Only You Can Prevent Patent Expertise Creep: Recognizing the Proper Role of Your Patent Attorneys

Understand the limitations of your patent attorney to provide business advice
Understand the limitations of your patent attorney to provide business advice

Your company has a question about your company’s patent portfolio. This is an issue for your company’s in-house or outside patent counsel, right? Maybe not. If the question relates to whether an invention is patentable and whether the patent is likely to grant, a patent attorney is the correct person to contact. But if the question is whether you should obtain a patent on a patentable invention, your company’s patent counsel is quite probably not the correct source of counsel. The latter is a question of patent strategy, which is inherently a business question, not a legal question. However, many businesses assume that when a patent issue comes up, a patent attorney should be contacted because a patent attorney knows about patents.

So why are patent attorneys typically not suited to address patent business questions? As many people know, useful, novel and unobvious inventions are patentable. Significantly, however, there is no legal requirement that an invention have a business purpose in order to be patentable. Indeed, in my prior life as a patent attorney, most of the 100’s of patents that I obtained on behalf of my clients ended up being worthless.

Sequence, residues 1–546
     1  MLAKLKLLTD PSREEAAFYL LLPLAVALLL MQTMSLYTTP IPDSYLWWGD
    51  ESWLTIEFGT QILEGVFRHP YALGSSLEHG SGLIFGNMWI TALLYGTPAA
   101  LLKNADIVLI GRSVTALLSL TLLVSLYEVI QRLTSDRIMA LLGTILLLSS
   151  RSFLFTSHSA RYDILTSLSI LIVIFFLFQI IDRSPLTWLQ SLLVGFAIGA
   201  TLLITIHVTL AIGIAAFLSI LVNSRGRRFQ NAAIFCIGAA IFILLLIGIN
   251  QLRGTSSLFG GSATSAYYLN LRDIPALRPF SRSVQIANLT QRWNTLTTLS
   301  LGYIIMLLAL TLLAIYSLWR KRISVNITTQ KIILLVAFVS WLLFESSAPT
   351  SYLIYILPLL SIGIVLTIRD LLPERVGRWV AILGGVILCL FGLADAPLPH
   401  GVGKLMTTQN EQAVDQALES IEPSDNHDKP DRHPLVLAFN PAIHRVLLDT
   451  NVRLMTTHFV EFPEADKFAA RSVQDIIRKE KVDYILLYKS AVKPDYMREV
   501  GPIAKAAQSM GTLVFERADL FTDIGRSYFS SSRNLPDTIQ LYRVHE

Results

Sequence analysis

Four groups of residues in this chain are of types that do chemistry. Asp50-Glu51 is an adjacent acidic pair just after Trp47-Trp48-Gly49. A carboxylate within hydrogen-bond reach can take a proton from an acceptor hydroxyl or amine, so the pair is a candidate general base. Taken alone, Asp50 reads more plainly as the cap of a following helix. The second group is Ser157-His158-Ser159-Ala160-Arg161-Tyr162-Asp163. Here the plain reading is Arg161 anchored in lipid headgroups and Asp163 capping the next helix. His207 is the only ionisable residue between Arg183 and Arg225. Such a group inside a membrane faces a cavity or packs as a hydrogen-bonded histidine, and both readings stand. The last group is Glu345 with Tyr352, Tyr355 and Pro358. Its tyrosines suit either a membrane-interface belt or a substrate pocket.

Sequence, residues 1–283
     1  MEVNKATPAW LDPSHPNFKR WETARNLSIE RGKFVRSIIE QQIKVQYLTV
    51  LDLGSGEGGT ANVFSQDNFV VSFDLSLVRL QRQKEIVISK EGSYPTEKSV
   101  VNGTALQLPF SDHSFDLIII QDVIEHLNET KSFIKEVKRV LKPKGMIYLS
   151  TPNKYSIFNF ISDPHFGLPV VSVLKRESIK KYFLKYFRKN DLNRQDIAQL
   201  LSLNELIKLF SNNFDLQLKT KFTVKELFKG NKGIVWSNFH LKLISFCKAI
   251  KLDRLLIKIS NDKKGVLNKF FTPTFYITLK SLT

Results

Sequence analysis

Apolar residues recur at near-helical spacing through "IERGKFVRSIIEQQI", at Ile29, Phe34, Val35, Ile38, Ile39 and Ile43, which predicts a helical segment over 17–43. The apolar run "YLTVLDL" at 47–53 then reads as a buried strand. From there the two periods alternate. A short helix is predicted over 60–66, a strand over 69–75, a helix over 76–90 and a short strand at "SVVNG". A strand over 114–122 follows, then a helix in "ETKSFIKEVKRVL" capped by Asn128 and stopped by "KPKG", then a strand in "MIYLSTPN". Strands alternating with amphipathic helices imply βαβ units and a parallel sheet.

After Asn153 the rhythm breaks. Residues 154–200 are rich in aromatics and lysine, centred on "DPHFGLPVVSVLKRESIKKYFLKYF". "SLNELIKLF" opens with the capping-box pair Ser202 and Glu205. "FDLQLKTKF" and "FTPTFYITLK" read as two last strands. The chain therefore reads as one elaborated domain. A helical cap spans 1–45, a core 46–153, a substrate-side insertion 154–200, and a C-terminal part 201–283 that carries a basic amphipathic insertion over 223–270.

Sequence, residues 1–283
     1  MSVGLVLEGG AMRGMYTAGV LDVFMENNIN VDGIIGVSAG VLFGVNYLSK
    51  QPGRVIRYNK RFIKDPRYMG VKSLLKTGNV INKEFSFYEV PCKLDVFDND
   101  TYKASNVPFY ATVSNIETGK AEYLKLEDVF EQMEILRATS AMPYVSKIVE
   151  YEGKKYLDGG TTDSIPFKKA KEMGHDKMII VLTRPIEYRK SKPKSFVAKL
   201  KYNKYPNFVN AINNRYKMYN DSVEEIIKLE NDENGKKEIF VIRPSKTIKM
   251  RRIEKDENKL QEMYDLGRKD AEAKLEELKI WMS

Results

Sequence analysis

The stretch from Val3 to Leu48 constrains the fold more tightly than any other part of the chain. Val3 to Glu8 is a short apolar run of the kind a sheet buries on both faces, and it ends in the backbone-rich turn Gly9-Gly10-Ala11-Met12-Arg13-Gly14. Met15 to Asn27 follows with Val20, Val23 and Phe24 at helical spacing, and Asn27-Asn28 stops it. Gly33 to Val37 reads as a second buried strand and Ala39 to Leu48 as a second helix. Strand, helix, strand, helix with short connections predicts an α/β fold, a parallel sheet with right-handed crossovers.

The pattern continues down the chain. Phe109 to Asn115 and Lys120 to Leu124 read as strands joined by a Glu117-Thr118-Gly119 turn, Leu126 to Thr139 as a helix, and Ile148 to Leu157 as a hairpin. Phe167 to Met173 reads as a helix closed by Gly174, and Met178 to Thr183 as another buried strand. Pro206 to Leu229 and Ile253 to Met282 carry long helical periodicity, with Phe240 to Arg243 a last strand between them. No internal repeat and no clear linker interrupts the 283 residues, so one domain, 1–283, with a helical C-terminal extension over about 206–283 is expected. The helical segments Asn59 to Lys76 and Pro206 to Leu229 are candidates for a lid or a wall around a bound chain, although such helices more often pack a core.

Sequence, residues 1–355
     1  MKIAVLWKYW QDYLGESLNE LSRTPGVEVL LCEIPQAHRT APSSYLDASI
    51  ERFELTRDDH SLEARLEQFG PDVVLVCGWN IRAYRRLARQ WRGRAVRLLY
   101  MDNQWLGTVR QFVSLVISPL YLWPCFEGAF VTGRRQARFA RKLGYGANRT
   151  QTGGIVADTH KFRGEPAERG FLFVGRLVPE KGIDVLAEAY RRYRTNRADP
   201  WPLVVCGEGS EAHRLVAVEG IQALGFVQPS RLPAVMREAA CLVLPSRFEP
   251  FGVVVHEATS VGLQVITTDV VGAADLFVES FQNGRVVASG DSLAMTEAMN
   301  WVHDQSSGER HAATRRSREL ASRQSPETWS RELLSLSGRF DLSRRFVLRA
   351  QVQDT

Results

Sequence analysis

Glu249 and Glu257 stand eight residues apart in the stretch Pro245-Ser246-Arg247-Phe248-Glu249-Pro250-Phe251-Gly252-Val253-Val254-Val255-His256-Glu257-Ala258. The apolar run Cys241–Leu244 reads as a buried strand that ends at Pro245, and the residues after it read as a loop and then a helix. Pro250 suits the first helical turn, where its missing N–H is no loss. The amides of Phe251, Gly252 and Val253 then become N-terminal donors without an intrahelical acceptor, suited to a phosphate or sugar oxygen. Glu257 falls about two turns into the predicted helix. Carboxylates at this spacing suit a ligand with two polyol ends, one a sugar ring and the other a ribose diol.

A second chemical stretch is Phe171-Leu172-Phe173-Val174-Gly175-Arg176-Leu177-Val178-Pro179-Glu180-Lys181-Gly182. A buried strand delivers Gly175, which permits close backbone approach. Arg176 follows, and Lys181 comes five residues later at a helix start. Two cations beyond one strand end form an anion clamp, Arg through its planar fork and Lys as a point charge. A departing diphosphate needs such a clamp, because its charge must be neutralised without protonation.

And, truthfully, it did not matter to me whether the invention had a business purpose for my client because as a patent attorney my motivation was purely legal: if the invention was patentable I would do whatever I could to convince the Patent Office that my client deserved a patent. My efforts were typically wholly divorced from any business purpose and, unfortunately, once the patenting process got underway, the process often became an end unto itself. As a result, my clients’ and my focus was on whether the patent would issue, not whether the continued efforts to obtain the patent supported the business needs of the client. Put simply, the job of a patent attorney is to obtain patents on the client’s patentable inventions, not to ensure the patents are a good business decision for the client. The latter issue is a business question, which should be outside the purview of a patent attorney.

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